A group of twenty-somethings decide to escape the hustle and bustle of their daily lives and head out into the desert to have some fun at a wild, all-night party. At first, all is fun and games, but then the harsh light of day exposes them to the world and they are about to see the darker side of humanity.
What follows is a battle for their very lives as they tick off the wrong biker gang, who then lay siege to this secluded patch of land in an attempt to make the group pay for their indiscretions. Can you tell me what movie that sounds like? Adjust a few minor details and a similar description could be used for any number of horror films, from the A-list to the Z-list. It just so happens to describe Death Valley perfectly. Whether that is a good thing or a bad thing is the question.
Death Valley (originally called Mojave when it was made back on 2004) purports to be based on a true story, and I do not doubt it. However, I suspect that the details have been greatly exaggerated and possibly even fabricated. Isn't that how things tend to go? Someone reads a story, gets a glimmer of an idea, and then tries to expand it into a film. If you go by that, you could conceivably say every film was based on a true story as the writers had to get their inspiration from somewhere, right?
Anyway, this comes from a long line of true story films. As I sat there watching it, one film kept coming to mind, Wolf Creek. Now, they are not exactly the same, but they both have similarities in structure. Young people go somewhere they probably shouldn't, encounter someone, said someone terrorizes our protagonists, usually with some sort of terrible end for a few of them.
This particular day sees some friends take Josh (Eric Christian Olson) out to a rave, where they do some drugs and have a relatively good time. The next morning they discover their car has been broken into and their battery missing. With no place to go, they head off to find some local punks they spied earlier. The meeting does not go quite as planned, shots are fired, people are hurt, and before you know it, the punk returns with his gang leader and a whole mess of other punks on bikes. All you can do know is try to predict who is going to die first and take a guess at who will emerge the hero.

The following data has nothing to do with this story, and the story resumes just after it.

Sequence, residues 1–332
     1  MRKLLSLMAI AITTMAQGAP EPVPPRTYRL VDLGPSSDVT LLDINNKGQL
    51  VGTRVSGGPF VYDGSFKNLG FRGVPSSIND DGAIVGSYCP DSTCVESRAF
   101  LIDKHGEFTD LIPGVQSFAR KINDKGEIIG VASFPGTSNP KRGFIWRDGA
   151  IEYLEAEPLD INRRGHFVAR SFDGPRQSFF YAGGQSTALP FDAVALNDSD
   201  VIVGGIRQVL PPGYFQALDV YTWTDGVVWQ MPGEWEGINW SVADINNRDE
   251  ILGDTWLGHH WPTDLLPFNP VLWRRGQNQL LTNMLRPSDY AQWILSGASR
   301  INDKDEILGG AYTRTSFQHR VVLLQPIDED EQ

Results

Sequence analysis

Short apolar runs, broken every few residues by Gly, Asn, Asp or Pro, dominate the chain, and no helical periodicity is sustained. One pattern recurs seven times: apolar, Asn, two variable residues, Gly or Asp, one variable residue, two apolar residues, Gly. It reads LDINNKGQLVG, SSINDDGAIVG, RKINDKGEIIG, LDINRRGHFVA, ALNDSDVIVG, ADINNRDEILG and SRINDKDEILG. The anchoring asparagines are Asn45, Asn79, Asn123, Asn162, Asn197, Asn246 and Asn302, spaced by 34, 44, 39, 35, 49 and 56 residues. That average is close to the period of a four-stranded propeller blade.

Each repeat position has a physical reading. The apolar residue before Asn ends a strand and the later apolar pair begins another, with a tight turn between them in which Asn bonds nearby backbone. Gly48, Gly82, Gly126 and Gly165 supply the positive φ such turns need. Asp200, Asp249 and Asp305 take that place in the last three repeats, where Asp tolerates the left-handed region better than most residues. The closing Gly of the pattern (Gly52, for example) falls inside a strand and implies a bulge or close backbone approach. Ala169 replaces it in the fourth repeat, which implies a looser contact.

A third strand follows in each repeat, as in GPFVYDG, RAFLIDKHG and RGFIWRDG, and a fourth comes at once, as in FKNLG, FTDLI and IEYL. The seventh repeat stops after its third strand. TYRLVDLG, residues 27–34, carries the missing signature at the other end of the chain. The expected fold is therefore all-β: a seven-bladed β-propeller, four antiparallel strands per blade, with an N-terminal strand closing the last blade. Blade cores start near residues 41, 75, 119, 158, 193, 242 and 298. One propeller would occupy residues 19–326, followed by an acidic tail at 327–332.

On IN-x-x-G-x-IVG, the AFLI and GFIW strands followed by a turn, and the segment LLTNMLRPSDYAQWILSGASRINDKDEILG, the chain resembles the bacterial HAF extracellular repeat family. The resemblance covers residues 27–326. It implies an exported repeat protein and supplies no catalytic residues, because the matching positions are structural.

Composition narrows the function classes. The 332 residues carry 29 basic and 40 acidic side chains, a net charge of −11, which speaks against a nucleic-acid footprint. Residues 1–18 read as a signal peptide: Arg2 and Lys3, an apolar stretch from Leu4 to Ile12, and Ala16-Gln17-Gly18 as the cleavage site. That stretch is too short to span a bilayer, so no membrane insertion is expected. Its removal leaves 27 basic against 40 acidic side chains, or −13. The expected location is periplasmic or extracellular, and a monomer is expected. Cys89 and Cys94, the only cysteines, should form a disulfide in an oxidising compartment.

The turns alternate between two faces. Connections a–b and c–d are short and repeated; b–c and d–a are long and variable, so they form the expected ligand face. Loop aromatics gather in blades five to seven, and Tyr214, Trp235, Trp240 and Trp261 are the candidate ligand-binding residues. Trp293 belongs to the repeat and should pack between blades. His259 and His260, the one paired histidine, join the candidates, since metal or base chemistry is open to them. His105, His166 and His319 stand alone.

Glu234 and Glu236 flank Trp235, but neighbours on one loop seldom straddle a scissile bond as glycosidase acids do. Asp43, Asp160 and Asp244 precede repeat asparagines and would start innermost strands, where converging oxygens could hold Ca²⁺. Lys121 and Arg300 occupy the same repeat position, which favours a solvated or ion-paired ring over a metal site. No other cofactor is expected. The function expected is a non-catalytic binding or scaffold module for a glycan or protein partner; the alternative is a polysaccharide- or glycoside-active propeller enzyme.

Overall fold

The problems with this film can broken down to two very important things. From a movie lover's standpoint, the characters are terribly weak. I did not have any reason to care about them, they are not developed beyond the surface level. With shallow characters there is nothing to identify with, there is no heart to latch onto, so when they start dropping like flies, I start to look forward to their deaths. From a horror lover's standpoint, there is virtually no blood and gore. There are a couple of gunshots and you see some people with blood on them, but I would not call this a gory movie at all. This is a couple of tiny cuts away from being a PG-13 affair. On both counts it loses to the similar Wolf Creek; it may be close on the character development, but Death Valley still winds up trailing.
The performances are flat, despite the presence of a couple of recognizable faces who have turned in better work elsewhere. Leading the cast are Eric Christian Olson (The Last Kiss, License to Wed) and Rider Strong (Cabin Fever). The former comes across as bland, while the latter is just annoying.
Death Valley is the feature debut for the writing/directing team of David Kebo and Rudi Liden, and they have not made a feature since. The concept, albeit a "true" story, never takes off and suffers from lackluster writing and bland directing. Yes, the structure is a common one, but one that has been used to great effect in the past and likely will in the future, just not here.
Audio/Video. Nothing to complain about here. The transfer seems a bit flat, but it isn't a bad one. The video is presented in widescreen and the audio is Dolby 5.1. It looks and sounds just fine.
- Making of Death Valley. This is a pretty standard featurette with some set footage along with interviews with the primaries. (3.5 minutes)
- Deleted/Extended Scenes. This kicks off with a couple of alternate versions of the opening scene. Nothing of any real import, for the most part, you can see why they were cut. (~15 minutes)
- Gag Reel. Standard set goofs and flubbed lines (7.5 minutes)
- Teaser Trailer. They lost me at "It was supposed to be…. Safe." (1 minute)
- Previews. Trailers for Bone Dry, The Attic, The Other Side, Hack!, Baby Blues, and Night Junkies.
Bottom line. When all is said and done, this is not a good movie, but it is not offensively bad. Death Valley is the kind of movie that is just there. When you are watching it, you have no problem finishing it, but will have no desire to revisit it. Pretty much all I can muster is: "Meh."Powered by Sidelines